Doing one thing differently can sometimes change just about everything.
But if you are looking for work, and following the suggestions of this blog, including updating your skills and networking, you may ask yourself this: What one thing is possibly left for me to do any differently?
If you can’t come up with an answer it’s time to stop thinking with your brain –and start thinking with your heart.
To do that, answer this question: “What’s one thing that I’ve always thought I’d enjoy trying, but never have?”
Your answer doesn’t have to relate to your job search. For example, maybe you’ve always wanted to learn piano, or to start a blog about your experiments with vegetarian cooking.
So the one thing you could do differently? From now on, you could make a little time to follow-through on a personal interest.
Figuring out how to play a scale, or writing about eggplant, is not going to get your phone ringing with job offers. But surprisingly, pursuing a new activity for the fun of it could be what sets you apart from the competition … and lands you the job.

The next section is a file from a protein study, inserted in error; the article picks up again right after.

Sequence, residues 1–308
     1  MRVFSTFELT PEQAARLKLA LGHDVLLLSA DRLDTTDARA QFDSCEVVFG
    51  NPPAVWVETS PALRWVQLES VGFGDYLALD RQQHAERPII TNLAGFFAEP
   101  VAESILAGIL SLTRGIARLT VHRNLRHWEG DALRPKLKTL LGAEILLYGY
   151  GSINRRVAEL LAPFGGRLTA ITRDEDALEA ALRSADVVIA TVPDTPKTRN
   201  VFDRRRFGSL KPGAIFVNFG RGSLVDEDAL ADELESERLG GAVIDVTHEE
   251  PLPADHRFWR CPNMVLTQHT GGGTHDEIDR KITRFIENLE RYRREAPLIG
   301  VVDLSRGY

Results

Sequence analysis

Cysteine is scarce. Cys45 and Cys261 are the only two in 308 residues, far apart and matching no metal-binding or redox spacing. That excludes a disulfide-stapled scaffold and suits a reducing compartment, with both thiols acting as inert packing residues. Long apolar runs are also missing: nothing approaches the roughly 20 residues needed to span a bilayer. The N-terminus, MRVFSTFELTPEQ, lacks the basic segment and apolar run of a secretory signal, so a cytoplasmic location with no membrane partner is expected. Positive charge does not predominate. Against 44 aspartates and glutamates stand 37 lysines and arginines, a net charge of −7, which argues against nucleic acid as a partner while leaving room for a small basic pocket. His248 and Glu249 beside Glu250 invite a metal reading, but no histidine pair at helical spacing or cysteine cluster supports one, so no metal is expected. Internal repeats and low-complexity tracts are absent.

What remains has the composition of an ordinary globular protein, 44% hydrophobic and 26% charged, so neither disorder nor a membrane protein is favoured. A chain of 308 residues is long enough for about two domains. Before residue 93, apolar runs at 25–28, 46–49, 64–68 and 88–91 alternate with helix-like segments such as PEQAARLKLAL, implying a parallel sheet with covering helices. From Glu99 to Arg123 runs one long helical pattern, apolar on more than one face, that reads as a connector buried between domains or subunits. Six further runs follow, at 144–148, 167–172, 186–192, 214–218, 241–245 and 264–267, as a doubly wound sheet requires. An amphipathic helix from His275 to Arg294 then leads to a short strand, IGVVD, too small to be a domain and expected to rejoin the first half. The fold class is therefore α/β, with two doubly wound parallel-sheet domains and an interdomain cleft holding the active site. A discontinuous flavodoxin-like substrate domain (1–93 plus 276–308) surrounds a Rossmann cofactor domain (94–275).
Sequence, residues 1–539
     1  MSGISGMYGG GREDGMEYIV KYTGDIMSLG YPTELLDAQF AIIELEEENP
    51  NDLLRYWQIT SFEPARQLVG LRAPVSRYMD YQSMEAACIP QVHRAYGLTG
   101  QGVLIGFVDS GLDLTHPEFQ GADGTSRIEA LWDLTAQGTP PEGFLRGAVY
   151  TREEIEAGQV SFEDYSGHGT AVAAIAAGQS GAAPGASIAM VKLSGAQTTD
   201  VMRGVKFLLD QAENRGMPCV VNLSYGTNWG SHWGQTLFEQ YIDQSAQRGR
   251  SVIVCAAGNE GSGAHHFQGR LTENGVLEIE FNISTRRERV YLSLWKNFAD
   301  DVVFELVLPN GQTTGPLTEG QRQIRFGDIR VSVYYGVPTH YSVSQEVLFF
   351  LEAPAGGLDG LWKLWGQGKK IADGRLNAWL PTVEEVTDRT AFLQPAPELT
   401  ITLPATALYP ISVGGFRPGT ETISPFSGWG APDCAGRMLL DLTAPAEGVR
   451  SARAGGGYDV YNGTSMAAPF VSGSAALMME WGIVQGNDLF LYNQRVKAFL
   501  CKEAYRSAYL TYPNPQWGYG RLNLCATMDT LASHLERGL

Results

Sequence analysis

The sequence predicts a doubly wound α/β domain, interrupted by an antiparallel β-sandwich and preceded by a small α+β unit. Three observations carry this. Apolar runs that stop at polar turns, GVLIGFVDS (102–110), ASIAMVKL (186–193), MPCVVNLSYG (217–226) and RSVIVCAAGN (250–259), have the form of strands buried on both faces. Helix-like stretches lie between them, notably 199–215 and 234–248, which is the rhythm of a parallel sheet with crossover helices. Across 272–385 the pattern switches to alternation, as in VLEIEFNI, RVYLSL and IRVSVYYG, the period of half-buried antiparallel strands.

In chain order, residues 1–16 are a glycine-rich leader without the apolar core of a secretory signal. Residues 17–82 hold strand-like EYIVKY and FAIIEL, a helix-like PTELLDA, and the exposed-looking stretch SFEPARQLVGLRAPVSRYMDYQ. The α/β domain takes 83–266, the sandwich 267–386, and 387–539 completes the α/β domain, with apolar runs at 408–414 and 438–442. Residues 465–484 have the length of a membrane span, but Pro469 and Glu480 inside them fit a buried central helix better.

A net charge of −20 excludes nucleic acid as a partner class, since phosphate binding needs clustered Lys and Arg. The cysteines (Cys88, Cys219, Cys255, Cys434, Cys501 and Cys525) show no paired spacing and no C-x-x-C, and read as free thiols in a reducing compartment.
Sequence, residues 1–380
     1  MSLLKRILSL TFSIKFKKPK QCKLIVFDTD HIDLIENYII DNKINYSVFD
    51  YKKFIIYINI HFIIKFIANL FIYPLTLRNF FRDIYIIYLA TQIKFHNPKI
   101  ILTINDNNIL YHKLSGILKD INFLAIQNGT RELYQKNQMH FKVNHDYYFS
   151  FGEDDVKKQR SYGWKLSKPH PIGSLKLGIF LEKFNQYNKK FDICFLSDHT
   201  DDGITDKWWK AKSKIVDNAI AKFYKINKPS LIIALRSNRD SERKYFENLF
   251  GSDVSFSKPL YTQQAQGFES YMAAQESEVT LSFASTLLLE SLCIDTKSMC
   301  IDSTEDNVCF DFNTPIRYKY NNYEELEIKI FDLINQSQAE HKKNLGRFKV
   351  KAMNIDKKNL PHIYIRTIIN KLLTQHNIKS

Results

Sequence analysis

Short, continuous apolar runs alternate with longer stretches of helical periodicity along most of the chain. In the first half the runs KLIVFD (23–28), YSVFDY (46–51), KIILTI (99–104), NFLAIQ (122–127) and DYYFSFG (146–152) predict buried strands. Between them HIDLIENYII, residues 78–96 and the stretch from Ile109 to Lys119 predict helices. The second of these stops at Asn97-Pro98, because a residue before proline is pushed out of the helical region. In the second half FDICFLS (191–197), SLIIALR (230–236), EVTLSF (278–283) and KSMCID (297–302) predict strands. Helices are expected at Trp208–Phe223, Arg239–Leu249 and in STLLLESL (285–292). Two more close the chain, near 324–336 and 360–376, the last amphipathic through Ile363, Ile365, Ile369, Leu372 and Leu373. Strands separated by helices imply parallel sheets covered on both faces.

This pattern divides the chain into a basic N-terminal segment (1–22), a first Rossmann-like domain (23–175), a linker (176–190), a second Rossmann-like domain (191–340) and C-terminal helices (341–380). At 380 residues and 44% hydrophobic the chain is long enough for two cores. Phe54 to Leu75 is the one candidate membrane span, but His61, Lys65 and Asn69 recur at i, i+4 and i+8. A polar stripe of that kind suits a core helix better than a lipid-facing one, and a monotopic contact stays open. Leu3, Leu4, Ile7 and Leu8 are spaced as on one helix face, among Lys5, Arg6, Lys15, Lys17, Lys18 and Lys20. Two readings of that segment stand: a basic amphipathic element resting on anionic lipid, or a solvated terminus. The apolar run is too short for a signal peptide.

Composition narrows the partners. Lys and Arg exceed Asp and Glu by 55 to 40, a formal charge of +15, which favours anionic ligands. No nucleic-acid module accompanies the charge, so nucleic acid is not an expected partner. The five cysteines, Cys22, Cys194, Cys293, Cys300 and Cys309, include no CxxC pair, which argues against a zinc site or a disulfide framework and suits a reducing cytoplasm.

At The Bagg Group, we’ve placed almost 60,000 people successfully in full-time positions, contract work and part-time placement over the last 40 years. In interviewing umpteen candidates, we can confirm the ones who make an impression with us — and with hiring managers at the best companies in the GTA– are those who are engaged in life.
People with interests are interesting people.
Of course, work skills and experience matter a lot. But all things being equal, the candidate who shows initiative and joy in developing an interest and learning new things has a special quality that gets our attention.
Plus, consider this. Employers strive to ensure good morale in the workplace. There is a proven link between high morale and productivity. At The Bagg Group, we consider looking for a job is a job in itself. As with any job, you need to keep up your spirits –in this case, to conduct a productive job search. And doing something you enjoy is great for morale.
The expert recruiters at The Bagg Group add there’s another key benefit of doing even one small thing differently: the ripple effect. And you don’t have to throw a huge rock to create a ripple effect in the water, just one little stone is enough.
Whenever you make a positive change, big or small, you set off a series of events, some of which you could never predict. So don’t let the job-hunting blues get you down, instead do one thing this week that you haven’t done before, and see where it takes you.